FOR a IN (SELECT 1) .. 3 DO SET @v = @v + a; END FOR;
Technically this should be legal because "low-number" can be any expression, including a subquery. In this case, though, subqueries mean something else, so it is not legal. This is now bug MDEV-15944".

I enthusiastically recommend: don't use this, use WHILE.

Differences from the standard

My first example looked like this:

  FOR a IN (SELECT 5) DO SET v = v + 1; END FOR;

In standard SQL it would have looked like this:

  FOR (VALUES (5)) DO SET v = v + 1; END FOR;

... The standard doesn't require mentioning "a" when there is no need to refer to "a" inside the loop. The fact that the standard would use "VALUES (5)" is, as we've seen, something that MariaDB will soon support too.

My second example looked like this:

    FOR cn_record IN cn
    DO
      SET v2 = v2 + cn_record.s1;
    END FOR;

In standard SQL it would have looked like this:

    FOR cn_record AS cn
    DO
      SET v2 = v2 + s1;
    END FOR;

So it's a difference between "IN" and "AS", and between "cn_record.s1" and "s1". However, I could have said "cn_record.s1" in standard SQL too, it's optional when there's no ambiguity.

There are serious matters that underlie that innocent-looking difference with "cn_record.", about which I now digress.

Shadowing, a Digression

In the following, should "SELECT v FROM t;" display 1, or 2, or 3?

BEGIN NOT ATOMIC
  a: DECLARE v INT DEFAULT 1;
  BEGIN
    b: DECLARE v INT DEFAULT 2;
    CREATE TABLE t (v INT);
    INSERT INTO t VALUES (3);
    SELECT v FROM t;
  END;
END;

Answer: in MariaDB it's 2. Inner scope beats outer scope, and variable declaration beats table definition. This is an old MySQL flaw that MariaDB has inherited (Bug #5967 Stored procedure declared variable used instead of column). The workaround, if you actually want "column v of table t", is to use a qualifier, as in "SELECT t.v FROM t;".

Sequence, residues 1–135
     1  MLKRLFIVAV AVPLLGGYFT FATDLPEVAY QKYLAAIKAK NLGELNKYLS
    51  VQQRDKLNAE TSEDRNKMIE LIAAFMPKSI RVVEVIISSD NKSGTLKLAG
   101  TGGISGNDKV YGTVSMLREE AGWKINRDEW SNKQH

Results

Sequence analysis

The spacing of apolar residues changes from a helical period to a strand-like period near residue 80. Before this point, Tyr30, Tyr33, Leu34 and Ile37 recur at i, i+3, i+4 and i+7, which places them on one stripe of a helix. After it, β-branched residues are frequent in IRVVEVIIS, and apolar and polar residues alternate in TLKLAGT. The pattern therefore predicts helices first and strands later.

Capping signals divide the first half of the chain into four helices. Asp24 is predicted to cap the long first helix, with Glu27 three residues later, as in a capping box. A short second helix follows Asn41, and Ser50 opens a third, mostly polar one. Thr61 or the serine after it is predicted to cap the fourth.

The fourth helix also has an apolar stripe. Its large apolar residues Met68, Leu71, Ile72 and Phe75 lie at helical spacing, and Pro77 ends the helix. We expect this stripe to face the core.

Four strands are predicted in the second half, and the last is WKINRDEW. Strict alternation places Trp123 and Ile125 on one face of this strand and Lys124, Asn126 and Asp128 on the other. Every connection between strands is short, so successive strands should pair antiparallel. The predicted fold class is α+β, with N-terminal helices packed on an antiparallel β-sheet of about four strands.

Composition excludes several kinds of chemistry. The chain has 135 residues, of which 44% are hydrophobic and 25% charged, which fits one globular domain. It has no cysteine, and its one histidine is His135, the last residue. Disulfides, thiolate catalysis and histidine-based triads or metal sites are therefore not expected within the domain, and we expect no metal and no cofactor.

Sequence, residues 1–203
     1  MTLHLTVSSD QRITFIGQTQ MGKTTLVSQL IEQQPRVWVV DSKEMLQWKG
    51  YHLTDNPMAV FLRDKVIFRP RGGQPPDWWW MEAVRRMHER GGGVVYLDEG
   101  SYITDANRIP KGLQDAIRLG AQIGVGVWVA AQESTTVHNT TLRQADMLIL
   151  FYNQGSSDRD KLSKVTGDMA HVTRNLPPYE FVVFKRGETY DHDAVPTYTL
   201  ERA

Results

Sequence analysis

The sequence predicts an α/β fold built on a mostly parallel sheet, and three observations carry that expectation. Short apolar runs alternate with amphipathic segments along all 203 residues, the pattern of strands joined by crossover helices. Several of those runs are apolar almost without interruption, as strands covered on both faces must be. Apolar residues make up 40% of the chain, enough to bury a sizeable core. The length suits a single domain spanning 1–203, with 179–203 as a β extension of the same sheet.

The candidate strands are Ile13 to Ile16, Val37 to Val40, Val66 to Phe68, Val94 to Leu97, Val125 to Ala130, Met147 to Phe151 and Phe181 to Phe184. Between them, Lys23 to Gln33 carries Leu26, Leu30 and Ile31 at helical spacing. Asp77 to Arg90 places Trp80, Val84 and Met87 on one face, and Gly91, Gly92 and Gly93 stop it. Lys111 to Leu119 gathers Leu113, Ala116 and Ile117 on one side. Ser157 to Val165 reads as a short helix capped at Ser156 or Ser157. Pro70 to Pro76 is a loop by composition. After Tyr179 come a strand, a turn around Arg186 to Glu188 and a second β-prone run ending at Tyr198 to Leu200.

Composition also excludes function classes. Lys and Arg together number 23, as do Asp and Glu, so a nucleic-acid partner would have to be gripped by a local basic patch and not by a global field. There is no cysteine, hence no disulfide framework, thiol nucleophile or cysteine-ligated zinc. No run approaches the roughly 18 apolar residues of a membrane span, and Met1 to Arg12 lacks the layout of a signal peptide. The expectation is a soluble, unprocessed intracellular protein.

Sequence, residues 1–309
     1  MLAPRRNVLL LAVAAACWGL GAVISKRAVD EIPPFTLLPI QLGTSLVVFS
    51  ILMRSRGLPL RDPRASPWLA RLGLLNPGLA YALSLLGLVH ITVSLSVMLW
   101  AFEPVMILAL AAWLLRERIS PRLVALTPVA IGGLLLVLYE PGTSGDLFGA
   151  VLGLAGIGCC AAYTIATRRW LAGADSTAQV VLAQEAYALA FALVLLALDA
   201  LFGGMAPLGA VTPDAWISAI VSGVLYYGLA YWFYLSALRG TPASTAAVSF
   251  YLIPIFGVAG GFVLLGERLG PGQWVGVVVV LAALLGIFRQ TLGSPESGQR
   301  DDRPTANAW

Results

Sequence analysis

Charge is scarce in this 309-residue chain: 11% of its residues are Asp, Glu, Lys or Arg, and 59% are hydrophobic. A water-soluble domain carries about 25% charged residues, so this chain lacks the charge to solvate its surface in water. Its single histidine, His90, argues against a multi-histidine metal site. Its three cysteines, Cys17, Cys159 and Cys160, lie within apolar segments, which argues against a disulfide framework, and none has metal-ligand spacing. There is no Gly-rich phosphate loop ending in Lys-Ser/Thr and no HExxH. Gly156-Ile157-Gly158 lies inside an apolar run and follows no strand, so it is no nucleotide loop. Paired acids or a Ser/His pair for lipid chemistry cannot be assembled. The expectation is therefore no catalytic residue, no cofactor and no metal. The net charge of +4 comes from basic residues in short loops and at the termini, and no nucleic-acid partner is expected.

But what if you wanted to refer to the first declared variable? That would be easy too, in standard SQL you would qualify with the label, as in "SELECT a.v FROM t;". Unfortunately -- another old MySQL flaw that MariaDB has inherited -- you can't use [label.]variable_name for qualification.

As a result of these two flaws, we could have trouble in our FOR ... END FOR loop if we used unqualified names like "s1". Therefore in MariaDB you have to say "cn_record.s1" if you want the FOR variable, that is, qualification is compulsory. That's a solution.

But the solution depends on a third flaw.

In standard SQL in this FOR loop "cn_record" becomes a label, and that's why "cn_record.s1" would be legal -- cn_record is a label qualifier. That's not the case with Oracle/MariaDB, where "cn_record" is a variable with type = ROW -- cn_record is a row-variable qualifier. The effect is the same for the particular example that I used, but that's just luck.

The flaws do not mean that the implementor did something wrong for FOR ... END FOR, rather it means that the blame lies in MySQL's history. It would be grossly wrong to blame the standard, which has no flaws.

Differences from the Standard, continued

My third example looked like this:

  FOR a IN 1 .. 3 DO SET @v = @v + a; END FOR;

In standard SQL it would have looked like this:

  [empty prairie with crickets chirping in the darkness]

For more about the original plan for adding FOR ... END FOR to MySQL in a standard way, go to "WL#3309: Stored Procedures: FOR statement" and click "High-level architecture".

ocelotgui

Of course we've changed Ocelot's GUI client for MySQL/MariaDB so that it recognizes most of the new syntax in MariaDB 10.3. We haven't changed the debugger, though, so it won't handle statements containing FOR ... END FOR.